Sorgi's team worked with fast-food specialist AmRest and trialled the touchless system in a KFC restaurant in Poland. They also worked with design and engineering agency Method and used gesture-control technology from specialist company Ultraleap. The trial has shown the benefits – and some of the issues – of touchless technology.

"It's increasingly reliable, and there are many ways to implement it; there are many technologies you can leverage. But it's also important to recognise that design around gesture is still very challenging," she says.

The project was implemented in three phases. In the first phase, the team discovered how difficult it is to design a touchless menu that provides a user experience that's as good – if not better – than a traditional touchscreen interface. 

"That's a technically complicated process, but really it's a user experience problem," says Sorgi. "Will the users accept it? Will they understand what they need to do? How do you change the menu to reflect what they're trying to achieve? Can you fit everything in? All of those things are uncharted territory."

After a couple of months, Sorgi's team created what she refers to as a passable prototype: "It wasn't perfect, it was still very slippery and fiddly. But we thought, 'there's something in this, and we need to keep going.'" 

That level of progress led to a second phase of development through summer and autumn 2020. Here, the team tested the design with real users during a respite in lockdown. 

The team then moved to the third stage, which was a trial in a public setting. Lockdown challenges meant the three-week trial in the KFC restaurant in Poland could only begin in June 2021.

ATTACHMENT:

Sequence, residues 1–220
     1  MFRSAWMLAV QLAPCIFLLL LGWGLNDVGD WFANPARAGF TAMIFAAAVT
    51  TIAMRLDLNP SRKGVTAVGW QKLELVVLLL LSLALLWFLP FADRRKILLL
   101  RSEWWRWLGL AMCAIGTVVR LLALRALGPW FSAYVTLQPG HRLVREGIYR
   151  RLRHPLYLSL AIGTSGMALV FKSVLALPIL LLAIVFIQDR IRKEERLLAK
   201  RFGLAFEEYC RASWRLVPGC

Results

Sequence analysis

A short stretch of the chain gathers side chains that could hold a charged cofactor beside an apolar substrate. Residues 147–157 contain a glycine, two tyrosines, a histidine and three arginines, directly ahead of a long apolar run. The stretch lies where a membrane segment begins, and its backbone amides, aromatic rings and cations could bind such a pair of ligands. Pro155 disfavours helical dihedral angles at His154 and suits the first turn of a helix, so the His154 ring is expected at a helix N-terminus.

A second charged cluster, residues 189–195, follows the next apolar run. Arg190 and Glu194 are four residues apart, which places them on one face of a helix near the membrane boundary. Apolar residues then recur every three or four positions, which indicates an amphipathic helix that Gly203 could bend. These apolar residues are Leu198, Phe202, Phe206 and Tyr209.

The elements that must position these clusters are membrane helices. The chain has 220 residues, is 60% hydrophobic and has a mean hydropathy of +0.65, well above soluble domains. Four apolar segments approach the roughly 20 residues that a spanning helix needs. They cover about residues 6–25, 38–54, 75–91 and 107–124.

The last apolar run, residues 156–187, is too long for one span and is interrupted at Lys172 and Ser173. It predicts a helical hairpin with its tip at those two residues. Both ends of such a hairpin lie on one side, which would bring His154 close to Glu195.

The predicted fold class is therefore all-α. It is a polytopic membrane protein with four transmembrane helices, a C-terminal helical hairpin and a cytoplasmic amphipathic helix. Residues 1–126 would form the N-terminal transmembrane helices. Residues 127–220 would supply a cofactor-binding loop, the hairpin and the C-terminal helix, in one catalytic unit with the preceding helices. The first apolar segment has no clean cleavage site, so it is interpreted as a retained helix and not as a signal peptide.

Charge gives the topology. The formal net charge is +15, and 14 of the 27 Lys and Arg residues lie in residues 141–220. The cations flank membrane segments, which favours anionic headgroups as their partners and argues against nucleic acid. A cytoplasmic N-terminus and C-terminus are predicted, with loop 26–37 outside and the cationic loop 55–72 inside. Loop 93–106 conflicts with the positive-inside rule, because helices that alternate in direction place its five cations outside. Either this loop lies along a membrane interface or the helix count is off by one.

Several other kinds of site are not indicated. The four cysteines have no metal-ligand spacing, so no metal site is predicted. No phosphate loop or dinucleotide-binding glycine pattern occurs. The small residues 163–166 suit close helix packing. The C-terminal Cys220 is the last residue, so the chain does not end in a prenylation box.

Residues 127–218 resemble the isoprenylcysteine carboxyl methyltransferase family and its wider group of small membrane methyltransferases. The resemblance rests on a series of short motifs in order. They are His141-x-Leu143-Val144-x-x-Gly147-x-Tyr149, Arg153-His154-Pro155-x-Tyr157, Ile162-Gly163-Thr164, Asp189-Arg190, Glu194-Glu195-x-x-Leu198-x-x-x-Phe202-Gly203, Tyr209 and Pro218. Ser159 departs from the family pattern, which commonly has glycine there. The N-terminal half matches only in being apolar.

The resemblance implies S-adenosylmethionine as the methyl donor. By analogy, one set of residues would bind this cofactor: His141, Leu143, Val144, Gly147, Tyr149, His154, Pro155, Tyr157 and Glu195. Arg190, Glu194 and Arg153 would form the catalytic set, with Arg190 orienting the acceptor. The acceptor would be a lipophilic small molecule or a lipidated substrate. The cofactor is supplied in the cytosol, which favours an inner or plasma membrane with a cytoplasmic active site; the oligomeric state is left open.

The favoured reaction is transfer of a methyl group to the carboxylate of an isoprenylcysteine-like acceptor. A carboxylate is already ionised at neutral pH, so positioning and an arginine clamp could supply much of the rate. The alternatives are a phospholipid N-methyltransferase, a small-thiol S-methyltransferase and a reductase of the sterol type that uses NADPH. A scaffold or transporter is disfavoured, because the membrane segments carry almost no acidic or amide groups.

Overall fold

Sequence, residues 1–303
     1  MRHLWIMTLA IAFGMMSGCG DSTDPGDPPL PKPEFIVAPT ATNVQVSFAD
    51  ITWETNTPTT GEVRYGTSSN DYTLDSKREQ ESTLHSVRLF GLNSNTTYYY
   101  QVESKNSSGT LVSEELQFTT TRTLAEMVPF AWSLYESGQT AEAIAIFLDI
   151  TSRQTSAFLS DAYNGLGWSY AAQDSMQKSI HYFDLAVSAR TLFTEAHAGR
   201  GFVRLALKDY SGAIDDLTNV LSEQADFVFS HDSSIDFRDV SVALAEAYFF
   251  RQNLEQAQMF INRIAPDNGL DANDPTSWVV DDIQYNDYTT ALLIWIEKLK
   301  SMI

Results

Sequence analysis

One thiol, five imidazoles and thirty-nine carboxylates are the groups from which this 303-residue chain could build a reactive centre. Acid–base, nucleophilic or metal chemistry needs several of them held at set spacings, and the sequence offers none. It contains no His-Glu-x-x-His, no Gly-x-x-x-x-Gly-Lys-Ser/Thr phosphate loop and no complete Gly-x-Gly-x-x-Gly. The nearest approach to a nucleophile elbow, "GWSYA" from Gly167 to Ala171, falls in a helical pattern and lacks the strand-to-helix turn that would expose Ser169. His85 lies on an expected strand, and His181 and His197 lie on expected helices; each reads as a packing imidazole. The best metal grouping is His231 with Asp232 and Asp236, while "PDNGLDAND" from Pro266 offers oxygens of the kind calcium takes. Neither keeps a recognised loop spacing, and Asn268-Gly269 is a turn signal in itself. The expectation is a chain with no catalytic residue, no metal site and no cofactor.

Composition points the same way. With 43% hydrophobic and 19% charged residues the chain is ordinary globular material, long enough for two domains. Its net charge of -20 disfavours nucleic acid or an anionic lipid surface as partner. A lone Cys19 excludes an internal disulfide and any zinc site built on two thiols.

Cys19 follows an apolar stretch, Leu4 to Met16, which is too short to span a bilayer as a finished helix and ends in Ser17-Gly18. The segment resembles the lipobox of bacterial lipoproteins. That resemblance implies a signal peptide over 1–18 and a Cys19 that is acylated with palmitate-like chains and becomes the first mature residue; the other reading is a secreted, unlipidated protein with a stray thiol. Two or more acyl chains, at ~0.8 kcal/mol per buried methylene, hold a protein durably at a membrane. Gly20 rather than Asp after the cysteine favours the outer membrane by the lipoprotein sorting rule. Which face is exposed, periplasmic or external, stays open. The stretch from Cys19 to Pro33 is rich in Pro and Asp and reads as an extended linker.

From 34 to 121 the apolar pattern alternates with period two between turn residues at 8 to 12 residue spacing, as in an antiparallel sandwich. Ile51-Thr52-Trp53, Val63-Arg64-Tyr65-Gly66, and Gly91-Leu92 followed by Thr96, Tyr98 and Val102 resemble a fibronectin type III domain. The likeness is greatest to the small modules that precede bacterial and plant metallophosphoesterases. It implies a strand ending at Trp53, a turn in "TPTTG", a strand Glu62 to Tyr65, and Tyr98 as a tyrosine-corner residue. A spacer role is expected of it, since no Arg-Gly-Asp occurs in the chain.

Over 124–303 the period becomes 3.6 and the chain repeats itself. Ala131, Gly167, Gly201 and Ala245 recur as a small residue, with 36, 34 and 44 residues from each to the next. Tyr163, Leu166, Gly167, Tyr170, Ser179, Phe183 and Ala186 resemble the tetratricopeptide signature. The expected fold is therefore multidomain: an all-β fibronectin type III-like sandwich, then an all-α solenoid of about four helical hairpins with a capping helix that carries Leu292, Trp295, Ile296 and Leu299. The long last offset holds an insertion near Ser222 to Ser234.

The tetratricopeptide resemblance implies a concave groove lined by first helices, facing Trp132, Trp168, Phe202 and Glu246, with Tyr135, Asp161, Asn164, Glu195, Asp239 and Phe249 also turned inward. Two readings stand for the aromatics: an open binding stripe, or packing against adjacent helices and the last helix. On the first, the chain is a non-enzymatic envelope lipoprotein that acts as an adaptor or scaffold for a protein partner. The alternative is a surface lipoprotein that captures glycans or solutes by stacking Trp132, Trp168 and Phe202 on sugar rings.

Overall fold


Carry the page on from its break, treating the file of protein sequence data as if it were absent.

Sorgi says any technical issues were minor and corrected through iterative development. She says service design is crucial to effective touchless technology, especially signalling to people where they should go and what they should do. 

"This is a new experience," she says. "Everybody wants to touch the screen because the past 20 years we've taught people to touch screens. In 1990, no one would have touched the screen. People had to unlearn that behaviour, so how do you message around the new touchless experience? What do you put on the home screen?"

Generally, customers had a positive impression of touchless technology. 

"What we were able to show is that the system worked," she says. "And that was not a completely safe assumption to make given the complexity of the design challenge."

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One of the other things Sorgi's team has discovered is that gesture technology can be ergonomically beneficial.

"That extra bit of reaching to push a touchscreen, it actually doesn't do you any favours," she says. "Yes, you get a bit of feedback with your finger, but if you can successfully communicate that a choice has been made in mid-air, it's a little easier to use than a touchscreen – as long as the cameras pick up the gesture."

Research suggests other companies should run similar experiments. Deloitte goes as far as to suggest the single most important factor that differentiates the coronavirus crisis from previous ones is the rise of the contactless economy. 

While PepsiCo's initial trial is now over, Corgi says work around the project continues. 

"What PepsiCo learned in general is that a gesture-based interface is viable in a commercial setting. In a high-traffic, fast-food setting, this is a viable option to pursue. This technology will become more common as people master the design and the technologies," she says.